The game runner for step 2 was implemented as a recursive solver, which keeps the cards solved in solving order, and reduces the unsolved card set as the cards get solved. This way, when the unsolved card set is empty, we can return the last solved card.

```
let play_game_part_2 numbers cards =
let rec finder priors winners numbers cards =
match List.length cards with
| 0 -> (priors, winners)
| _ -> (
match numbers with
| [] -> (priors, []) (* unsolvable *)
| x :: _ ->
let new_priors = x :: priors in
let these_winners = winning_cards new_priors cards in
let new_winners = winners @ these_winners in
let remaining_cards = difference cards new_winners in
finder new_priors new_winners (Utils.drop 1 numbers) remaining_cards
)
in
finder [] [] numbers cards
```

And the function to play then score:

```
let problem_4_2 input =
let numbers, cards = input in
let winning_numbers, winning_cards = play_game_part_2 numbers cards in
let winning_card = List.rev winning_cards |> List.hd in
let score = calculate_score winning_numbers winning_card in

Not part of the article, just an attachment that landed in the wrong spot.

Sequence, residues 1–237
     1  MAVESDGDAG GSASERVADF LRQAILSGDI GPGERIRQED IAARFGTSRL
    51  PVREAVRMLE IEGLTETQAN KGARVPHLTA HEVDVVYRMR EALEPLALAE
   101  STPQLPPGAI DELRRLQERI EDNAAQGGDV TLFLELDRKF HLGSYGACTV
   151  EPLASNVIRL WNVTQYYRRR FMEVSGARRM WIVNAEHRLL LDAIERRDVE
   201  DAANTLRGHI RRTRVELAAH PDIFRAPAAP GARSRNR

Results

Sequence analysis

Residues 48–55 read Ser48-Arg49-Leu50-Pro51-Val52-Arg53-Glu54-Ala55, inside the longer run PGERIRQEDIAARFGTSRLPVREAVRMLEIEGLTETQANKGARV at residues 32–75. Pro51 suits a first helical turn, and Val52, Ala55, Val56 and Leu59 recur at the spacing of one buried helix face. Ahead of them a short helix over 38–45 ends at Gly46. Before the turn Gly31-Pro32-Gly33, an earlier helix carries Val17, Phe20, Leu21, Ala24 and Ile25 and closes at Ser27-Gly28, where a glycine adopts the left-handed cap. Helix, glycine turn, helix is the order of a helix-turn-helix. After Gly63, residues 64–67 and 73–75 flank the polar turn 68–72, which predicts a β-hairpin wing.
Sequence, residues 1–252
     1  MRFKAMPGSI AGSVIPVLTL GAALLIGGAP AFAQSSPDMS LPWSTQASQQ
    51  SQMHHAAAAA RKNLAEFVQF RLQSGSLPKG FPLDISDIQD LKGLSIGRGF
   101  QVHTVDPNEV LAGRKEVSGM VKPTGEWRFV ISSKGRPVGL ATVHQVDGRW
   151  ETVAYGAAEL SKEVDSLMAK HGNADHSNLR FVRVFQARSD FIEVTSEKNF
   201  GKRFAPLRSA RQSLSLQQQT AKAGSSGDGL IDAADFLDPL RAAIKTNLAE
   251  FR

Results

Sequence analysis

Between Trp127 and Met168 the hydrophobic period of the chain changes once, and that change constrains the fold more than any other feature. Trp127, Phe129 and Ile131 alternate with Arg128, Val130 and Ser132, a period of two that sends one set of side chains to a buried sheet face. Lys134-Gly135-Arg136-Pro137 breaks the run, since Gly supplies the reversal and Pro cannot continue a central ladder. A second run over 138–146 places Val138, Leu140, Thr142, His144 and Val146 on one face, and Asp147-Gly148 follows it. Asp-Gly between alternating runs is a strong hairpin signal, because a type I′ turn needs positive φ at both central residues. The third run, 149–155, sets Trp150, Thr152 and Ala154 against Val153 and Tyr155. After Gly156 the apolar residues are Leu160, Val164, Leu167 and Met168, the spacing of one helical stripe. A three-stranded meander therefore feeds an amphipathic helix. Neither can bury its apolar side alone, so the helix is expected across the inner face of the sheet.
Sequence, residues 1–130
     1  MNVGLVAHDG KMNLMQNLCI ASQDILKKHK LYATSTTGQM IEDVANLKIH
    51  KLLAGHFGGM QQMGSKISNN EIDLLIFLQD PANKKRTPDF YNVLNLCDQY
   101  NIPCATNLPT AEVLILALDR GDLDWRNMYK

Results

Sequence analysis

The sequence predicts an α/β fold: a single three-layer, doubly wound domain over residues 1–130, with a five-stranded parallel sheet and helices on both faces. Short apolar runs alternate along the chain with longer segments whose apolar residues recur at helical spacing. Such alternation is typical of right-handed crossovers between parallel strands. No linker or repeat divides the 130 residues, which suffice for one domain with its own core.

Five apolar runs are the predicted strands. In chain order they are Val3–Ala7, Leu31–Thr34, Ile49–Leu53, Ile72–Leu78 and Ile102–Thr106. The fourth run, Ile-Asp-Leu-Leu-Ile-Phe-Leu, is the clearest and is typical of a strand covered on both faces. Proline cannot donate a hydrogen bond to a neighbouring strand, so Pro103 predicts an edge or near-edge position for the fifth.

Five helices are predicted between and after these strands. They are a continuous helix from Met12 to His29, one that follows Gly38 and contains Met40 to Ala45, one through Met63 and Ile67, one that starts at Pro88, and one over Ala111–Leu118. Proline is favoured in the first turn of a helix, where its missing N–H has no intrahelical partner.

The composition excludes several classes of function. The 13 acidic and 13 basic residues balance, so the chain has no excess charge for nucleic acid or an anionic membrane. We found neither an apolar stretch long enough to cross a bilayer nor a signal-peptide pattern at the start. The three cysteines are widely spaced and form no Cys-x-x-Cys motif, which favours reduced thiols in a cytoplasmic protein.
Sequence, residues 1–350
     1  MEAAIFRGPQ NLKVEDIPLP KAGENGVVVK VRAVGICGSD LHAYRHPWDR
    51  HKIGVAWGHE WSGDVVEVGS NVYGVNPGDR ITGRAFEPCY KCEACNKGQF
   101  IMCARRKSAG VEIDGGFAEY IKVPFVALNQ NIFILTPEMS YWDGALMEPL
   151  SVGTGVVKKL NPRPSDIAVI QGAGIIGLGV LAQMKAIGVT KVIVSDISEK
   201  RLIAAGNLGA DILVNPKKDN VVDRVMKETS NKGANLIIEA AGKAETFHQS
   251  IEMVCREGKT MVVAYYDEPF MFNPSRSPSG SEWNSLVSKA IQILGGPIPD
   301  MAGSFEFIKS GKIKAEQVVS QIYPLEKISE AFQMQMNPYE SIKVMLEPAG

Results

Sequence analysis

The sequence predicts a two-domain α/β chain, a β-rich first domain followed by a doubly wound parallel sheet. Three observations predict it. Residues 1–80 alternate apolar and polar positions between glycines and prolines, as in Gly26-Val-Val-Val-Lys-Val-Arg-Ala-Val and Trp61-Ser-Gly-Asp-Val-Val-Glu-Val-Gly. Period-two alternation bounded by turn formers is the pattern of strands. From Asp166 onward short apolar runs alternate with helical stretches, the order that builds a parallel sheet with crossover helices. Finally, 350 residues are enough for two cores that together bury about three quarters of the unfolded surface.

score
```

The parsing solution for the input file was a bit different than prior puzzles as the file had multiple "sections" representing the selected numbers, and the cards, and then within the card section all the different cards were listed. I'm not that happy with my solution here, but it works and I consider it secondary to the puzzle solving logic.

To parse out a card we split the lines that represent the numbers on the card by space, and then convert them into a list of integers. To then parse out the cards, we split the input into block of 5 lines (5 rows per card), parse the card, then skip the card and space separator by dropping 6 lines from the input.

```
let parse_card lines =
List.map
(fun l -> Str.split (Str.regexp "[ ]+") l |> List.map int_of_string)
lines
let rec parse_cards lines =
match lines with
| [] -> []
| _ ->
let card_lines = Utils.take 5 lines in
let card = parse_card card_lines in
card :: parse_cards (Utils.drop 6 lines)
```

To finalise the parsing, the total input includes the list of numbers in the first line, and then an empty line as the separator. Then, the cards.

```
let parse_input filename =
let lines = Utils.read_lines filename in
let numbers =
List.hd lines |> Str.split (Str.regexp "[,]") |> List.map int_of_string
in
let cards = parse_cards (Utils.drop 2 lines) in
(numbers, cards)
```